"I don't see no problem here," or "Let them eat fruit"?

In the most recent post, we were enjoying author Andre Spicer’s interview with a very sympathetic editor at Harvard Business Review. Spicer is co-author of “The Wellness Syndrome,” a run-of-the-mill dog-bites-man tale that argues that corporate wellness programs not only don’t help, they harm.

I saved his last answer for this post. It is:

"It’s important for me to say that I’m not writing off wellness interventions completely. Let’s just ask, What are we trying to achieve here—what is the problem we’re solving?
"First, employers need to ask, Do we need all this? In some cases good, simple interventions—like gym facilities—may be enough. Second, employers should be realistic about what they hope to achieve from these programs. Often they’re sold as everyone in the firm will quit smoking. Unrealistic goals like that will backfire. Third, you must establish boundaries. Using technology to watch people outside work is a problem, and there’s emerging evidence that the more work bleeds into life, the less productive people become. Finally, look for small changes that can make a big difference. Too often people go all in on investments like treadmill desks when they could get the same payoff by giving their employees natural light, fresh air, and some fresh fruit."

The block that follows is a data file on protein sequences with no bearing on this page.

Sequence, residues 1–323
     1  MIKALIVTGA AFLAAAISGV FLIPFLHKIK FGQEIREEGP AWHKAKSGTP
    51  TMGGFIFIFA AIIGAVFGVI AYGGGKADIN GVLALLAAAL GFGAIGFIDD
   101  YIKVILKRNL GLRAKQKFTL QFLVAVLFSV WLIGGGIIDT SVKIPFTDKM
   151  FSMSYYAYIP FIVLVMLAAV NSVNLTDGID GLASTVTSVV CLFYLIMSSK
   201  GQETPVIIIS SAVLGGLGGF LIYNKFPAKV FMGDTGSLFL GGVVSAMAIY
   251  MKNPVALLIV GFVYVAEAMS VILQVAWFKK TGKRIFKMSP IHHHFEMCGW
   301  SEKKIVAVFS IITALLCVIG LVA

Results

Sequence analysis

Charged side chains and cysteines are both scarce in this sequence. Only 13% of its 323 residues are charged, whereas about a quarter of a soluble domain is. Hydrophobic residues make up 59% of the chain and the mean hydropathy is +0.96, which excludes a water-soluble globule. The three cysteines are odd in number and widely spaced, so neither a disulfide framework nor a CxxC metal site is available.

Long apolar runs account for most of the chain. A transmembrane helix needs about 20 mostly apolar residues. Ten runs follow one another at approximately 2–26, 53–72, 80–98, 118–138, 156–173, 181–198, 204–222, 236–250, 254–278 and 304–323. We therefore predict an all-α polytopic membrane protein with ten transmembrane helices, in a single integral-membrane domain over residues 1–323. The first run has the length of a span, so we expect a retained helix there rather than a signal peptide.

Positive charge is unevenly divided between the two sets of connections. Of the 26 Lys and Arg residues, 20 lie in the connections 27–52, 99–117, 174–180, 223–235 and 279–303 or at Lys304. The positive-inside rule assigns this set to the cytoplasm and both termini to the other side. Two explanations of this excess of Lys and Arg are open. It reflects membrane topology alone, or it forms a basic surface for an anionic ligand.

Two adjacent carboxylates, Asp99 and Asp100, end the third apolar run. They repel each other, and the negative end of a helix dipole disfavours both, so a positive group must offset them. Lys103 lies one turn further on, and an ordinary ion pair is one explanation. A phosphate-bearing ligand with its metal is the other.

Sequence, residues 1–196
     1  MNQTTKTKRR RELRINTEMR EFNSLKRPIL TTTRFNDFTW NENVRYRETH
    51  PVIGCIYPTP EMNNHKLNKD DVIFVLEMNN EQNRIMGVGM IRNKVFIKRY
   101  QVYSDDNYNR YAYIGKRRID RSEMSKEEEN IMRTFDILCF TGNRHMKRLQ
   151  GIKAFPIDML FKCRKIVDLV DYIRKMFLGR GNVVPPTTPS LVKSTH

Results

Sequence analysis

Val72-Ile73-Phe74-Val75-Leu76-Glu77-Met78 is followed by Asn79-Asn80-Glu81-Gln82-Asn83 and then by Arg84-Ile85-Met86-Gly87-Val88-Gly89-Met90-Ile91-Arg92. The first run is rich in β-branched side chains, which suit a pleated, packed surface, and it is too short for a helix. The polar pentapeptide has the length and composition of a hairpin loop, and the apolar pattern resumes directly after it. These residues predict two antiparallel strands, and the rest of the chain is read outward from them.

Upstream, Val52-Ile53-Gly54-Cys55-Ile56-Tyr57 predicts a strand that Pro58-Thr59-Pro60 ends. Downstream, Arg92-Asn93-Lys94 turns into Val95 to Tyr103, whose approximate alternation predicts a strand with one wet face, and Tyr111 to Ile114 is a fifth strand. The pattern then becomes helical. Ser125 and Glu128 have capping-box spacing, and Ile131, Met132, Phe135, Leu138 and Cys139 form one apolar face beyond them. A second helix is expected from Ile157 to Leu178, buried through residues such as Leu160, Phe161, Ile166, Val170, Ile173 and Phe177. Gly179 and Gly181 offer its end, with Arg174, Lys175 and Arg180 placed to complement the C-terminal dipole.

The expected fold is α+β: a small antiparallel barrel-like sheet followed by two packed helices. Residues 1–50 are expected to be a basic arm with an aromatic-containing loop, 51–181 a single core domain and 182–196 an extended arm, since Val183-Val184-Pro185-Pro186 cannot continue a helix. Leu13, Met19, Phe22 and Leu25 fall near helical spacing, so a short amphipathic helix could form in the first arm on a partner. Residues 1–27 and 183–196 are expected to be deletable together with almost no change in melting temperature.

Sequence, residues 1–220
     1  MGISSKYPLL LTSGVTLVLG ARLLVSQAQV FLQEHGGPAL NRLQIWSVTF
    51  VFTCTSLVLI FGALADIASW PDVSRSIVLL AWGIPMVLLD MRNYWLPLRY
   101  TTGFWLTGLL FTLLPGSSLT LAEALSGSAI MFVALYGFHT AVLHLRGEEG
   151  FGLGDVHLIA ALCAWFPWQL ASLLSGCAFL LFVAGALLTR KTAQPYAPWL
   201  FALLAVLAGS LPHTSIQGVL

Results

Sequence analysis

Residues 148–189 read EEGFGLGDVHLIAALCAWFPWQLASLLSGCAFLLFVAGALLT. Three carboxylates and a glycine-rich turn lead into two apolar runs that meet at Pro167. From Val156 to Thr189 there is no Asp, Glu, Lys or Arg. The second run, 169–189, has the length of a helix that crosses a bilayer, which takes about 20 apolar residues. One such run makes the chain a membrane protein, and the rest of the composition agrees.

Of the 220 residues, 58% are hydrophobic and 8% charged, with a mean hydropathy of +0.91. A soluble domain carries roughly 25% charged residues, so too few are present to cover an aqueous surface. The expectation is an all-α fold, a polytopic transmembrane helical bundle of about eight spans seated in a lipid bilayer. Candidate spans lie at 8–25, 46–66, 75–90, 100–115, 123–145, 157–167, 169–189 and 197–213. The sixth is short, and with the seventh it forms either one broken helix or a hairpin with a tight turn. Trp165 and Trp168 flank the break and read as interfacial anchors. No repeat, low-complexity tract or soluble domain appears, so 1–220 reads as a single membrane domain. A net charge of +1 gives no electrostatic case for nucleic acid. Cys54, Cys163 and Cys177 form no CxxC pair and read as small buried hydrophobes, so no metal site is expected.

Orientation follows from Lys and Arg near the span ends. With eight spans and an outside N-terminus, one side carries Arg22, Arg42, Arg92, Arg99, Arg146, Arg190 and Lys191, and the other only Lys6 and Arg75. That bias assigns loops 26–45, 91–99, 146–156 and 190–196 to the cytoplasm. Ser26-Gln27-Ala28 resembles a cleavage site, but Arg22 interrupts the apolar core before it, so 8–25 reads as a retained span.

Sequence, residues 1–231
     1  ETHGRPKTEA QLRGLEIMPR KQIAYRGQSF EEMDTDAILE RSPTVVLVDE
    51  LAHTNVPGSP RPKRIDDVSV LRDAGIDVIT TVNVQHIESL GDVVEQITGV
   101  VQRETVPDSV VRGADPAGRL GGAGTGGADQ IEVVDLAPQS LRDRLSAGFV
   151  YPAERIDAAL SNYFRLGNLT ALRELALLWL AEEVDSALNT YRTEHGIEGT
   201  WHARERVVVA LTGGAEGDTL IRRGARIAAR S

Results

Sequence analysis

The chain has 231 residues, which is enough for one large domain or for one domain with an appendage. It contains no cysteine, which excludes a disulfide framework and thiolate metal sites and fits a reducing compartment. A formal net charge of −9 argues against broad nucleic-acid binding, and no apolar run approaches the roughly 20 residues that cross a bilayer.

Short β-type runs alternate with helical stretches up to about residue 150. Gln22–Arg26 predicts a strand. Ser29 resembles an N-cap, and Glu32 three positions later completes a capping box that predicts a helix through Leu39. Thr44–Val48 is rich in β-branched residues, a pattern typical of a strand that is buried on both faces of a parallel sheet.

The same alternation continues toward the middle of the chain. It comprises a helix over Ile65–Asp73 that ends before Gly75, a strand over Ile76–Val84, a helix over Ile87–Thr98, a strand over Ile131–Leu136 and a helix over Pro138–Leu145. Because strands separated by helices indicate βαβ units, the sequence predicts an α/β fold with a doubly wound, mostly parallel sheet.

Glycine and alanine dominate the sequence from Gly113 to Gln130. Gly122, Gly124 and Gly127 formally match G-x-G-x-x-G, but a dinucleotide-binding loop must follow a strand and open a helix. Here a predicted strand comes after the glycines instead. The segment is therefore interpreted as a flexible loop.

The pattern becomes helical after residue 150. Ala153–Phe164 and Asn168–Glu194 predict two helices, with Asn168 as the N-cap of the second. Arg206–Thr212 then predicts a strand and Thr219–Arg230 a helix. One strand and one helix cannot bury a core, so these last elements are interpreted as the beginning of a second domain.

So, he’s not unreasonable — wellness interventions aren’t all bad. (Except, didn’t he say they are?)

And: “What is the problem we’re solving?” That’s a big question, certainly, with at least several answers. Let’s start with the fact that healthcare costs have been rising at above the inflation rate since the ‘70s, and no institution experiences a greater burden from that than business.

Meanwhile, Gallup says that twice as many workers are actively hostile toward their employers as are actively engaged, and that the largest segment or workers, 63 percent, is “not engaged.” It says that one remedy is to enhance employee wellbeing (which includes, but goes beyond, wellness, which is commonly held as a physical-health matter).

So, most employees today aren’t working toward their organization’s goals, and their lifestyle choices are costing organizations more every year. That’s the problem we’re trying to solve, Mr. Spicer.

Spicer goes on to say that installing gyms at the plant “may be enough.” Why pay for treadmill desks, “when they could get the same payoff by giving their employees natural light, fresh air, and some fresh fruit”? First of all, that’s a false choice, whose use is a good sign that we’ve left the realm of science, research, and reason.

But also, you could pursue all those paths, decent as they are, and still not dent these formidable challenges that companies face. To suggest that you could throw some grapes and tangerines at the problem, or “let them breathe air,” betrays a bold lack of understanding.

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